which will be subsequently referred to and identified. It will be seen by reference to Fig. 3 that the side walls I and 2 are identical in structure, but that each stands in a reverse position to the other so that the angle brackets IE) of the side wall I face the front of the cabinet and the angle brackets Ill of the side wall 2 face the rear of the cabinet. The side walls I and 2, therefore, are interchangeable and may be stacked and stored in stock designated merely as side walls for the cabinet.
A bottom wall I2 for the cabinet is shown in Fig. 3 below the side walls I and 2. The bottom wall I2 is a rectangular metal sheet comprising a horizontally disposed flat portion I3 having plain edges on the sides and upwardly turned flanges I4M on the ends. The flat portion I3 of the bottom wall I2 is apertured at the corners at I5 and the apertures at I5 register with the apertures 5 in the corners of the end flanges 5 of the side walls I and 2. Knock-out holes IG-IB are provided in the bottom wall I2 so that conductor wires may be brought into the cabinet through the bottom wall l2. A top wall If for the cabinet is shown in Fig. 3 above the side walls I and 2. The top wall I l is a rectangular metal sheet comprising a horizontally disposed flat portion I 8 and downwardly turned end flanges I9I9. The flat portion I8 of the top wall I! is apertured at the corners at 26 and the apertures at register with the apertures at 6 in the corners of the end flanges lof the side walls I. and 2. Spaced handles 2 I2I are provided on the upper surface of the top wall I1 to facilitate carrying of the cabinet from place to place. The spaced handles 2I-2I are shown as being strap type metal handles and are secured by rivets or other fastening means to the upper surface of the top wall II. Knock-out holes 22-22 are provided in the top wall Ill to permit entrance therethrough of electrical conductors. It will be seen that the top wall IT, with the exception of the handles 2l2I, is the same in structure and dimensions as the bottom wall I2 and that these parts may be made more economically than if they were of different forms and dimensions.
A front door 23 and a rear door 24 are provided for the respective front and rear faces of the cabinet. The doors 23 and 24' are rectangular sheet metal doors and are identical in structure and dimensions. Each door comprises a rectangular flat portion 25 and upright inwardly extending side flanges 26 and 21. The top and. bottom edges of the doors are plain. Spaced butt hinges 2828 are provided on the doors 23 and 2 5. One of the leaf members of each spaced butt hinge 28 is welded or otherwise attached to the inner surface of the flange 21. The other leaf member of each hinge 28 is to be attached by bolts or other fastening means to a side wall I or 2 in which apertures 30' are provided near the edges for the accommodation of the fastening means for the door. Attached to the outer face of each door by suitable fastening means is a handle 29. Along the free side portion of each door are spaced apertures 3l- 3I, the number and spacing of these apertures 3 I3I be ing the same as the number and spacing of the angle brackets I [I on the respective side walls I and 2. By having the doors 23 and 2 identical in structure and dimensions the front and rear doors for the cabinet are interchangeable and may be carried in stock as a common piece part.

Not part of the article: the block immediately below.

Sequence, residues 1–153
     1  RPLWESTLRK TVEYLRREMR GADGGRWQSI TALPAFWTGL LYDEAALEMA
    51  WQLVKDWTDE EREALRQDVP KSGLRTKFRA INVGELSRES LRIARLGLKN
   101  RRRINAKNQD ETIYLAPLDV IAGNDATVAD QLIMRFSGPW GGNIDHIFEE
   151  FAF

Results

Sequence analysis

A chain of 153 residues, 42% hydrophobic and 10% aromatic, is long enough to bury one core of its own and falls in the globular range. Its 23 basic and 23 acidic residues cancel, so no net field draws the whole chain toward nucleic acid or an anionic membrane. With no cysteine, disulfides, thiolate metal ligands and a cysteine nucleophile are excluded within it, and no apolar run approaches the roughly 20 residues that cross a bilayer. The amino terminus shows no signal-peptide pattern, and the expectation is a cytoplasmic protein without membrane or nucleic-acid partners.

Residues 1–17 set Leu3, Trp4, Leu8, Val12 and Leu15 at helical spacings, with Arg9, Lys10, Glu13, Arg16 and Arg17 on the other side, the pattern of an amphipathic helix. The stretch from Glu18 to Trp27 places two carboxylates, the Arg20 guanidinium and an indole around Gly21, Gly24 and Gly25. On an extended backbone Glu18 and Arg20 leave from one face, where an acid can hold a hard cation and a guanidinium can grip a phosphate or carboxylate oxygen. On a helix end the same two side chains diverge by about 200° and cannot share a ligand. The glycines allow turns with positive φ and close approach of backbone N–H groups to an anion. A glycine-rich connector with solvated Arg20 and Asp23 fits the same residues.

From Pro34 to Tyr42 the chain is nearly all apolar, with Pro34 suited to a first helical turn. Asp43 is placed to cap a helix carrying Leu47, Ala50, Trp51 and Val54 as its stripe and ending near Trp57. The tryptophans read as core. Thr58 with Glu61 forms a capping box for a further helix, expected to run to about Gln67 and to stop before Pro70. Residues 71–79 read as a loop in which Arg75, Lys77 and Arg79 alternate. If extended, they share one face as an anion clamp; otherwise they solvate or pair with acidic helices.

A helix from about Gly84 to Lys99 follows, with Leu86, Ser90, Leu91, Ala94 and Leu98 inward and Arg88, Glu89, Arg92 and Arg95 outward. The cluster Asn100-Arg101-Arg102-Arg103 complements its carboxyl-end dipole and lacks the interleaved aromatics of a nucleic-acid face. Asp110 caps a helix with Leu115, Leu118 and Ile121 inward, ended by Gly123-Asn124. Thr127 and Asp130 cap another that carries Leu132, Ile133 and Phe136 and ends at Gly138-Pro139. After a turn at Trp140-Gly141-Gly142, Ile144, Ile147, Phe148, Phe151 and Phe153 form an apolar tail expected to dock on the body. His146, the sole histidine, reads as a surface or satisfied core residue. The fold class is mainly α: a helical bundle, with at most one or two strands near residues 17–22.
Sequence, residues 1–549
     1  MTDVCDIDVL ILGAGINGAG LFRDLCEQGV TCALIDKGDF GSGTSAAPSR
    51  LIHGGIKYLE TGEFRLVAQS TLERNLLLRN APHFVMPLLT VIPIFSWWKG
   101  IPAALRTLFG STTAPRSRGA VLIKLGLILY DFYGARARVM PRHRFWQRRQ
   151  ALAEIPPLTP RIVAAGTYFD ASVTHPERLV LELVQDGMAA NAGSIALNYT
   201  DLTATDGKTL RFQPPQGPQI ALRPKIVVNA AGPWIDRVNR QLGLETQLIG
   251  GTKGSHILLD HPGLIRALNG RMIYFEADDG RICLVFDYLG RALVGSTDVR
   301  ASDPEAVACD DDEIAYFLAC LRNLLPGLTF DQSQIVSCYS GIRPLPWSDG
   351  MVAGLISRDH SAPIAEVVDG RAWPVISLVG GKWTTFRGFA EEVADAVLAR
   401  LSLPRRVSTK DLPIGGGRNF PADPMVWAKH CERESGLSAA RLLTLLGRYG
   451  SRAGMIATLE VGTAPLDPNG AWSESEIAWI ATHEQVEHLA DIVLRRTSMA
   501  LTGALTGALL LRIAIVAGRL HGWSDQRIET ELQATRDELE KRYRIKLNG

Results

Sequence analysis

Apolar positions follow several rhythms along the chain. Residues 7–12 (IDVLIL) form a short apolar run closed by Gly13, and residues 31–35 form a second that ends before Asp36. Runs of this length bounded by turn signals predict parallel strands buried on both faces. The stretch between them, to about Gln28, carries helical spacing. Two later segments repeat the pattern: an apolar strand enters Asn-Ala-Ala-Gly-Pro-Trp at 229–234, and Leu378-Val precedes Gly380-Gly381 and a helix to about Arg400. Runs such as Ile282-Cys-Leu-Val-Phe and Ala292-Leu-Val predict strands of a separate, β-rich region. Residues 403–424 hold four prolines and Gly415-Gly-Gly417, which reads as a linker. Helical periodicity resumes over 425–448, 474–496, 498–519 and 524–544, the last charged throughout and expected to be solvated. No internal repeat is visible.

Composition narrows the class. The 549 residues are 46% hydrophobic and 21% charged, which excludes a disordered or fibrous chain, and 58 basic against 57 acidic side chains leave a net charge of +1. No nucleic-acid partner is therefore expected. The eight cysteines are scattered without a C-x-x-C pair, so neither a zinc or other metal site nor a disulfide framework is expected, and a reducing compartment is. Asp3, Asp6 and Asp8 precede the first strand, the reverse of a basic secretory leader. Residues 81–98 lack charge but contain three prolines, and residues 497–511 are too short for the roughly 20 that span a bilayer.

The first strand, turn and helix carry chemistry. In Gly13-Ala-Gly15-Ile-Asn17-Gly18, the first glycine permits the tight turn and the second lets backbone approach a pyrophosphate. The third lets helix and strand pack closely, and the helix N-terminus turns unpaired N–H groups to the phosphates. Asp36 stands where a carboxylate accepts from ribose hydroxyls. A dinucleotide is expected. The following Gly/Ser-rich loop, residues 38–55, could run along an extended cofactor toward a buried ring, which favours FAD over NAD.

To assemble the cabinet a bottom wall I2 is placed with the flanges I l-44 extending up wardly from the flat portion I3. The side walls I and 2 are then. set upright on the bottom wall I2 and are placed at each end of the bottom wall I2 with the flanges 5 of the side walls restin against the upper surface of the flat portion I3 of the bottom wall I2 and extending transversely between the flanges I l-IQ. The apertures 6 in the flanges 5 are then brought into alignment with the apertures I5 in the bottom wall I2. The side walls I and 2 are then bolted to the bottom wall I2 as shown in Fig. 6 by means of screw bolts 32. The screw bolt 32 extends upward through an aperture I5 in the bottom wall I2 and through an aperture 6 in the flange 5 of the side wall member and is engaged by a nut 33 under which is a washer 34. Clamped between the head of the screw bolt 32 and the under surface of the bottom wall I2 is an inverted frustoconical ring 35 preferably made of rubber or some like composition, which will serve as a foot for the cabinet and which will prevent marring of a floor or other surface upon which the cabinet may be placed. The inner circumference of the ring 35 is countersunk to receive the head of the screw bolt 32, the countersink being of sufficient depth and diameter to permit the head of the screw bolt 32 to pass upward within the ring 35 beyond the lower face of the ring 35. A screw bolt 32 and a ring 35 are provided at each corner of the bottom wall I2 so that the bottom wall I2 is bolted at each of the four corners to the flanges 5 of the side walls I and 2 and four feet comprising the four rings 35 are provided for the cabinet.
After the side walls I and 2 have been bolted to the bottom wall I 2 in the manner above described,
thetop wall I! is placed across the upright side walls I and 2 with the lower face of the flat portion I8 of the top wall I? resting on the flanges l of the side walls I and 2 and with the flanges I9 of the top wall I? extending downwardly and transversely between the two upright side walls. The apertures 28 in the top wall I'I are then brought into register with the corresponding aperturesG in the top flanges l of the side walls I and 2. Screw bolts 36, preferably having round heads, are-then applied to bolt the top wall IT to the side walls land 2.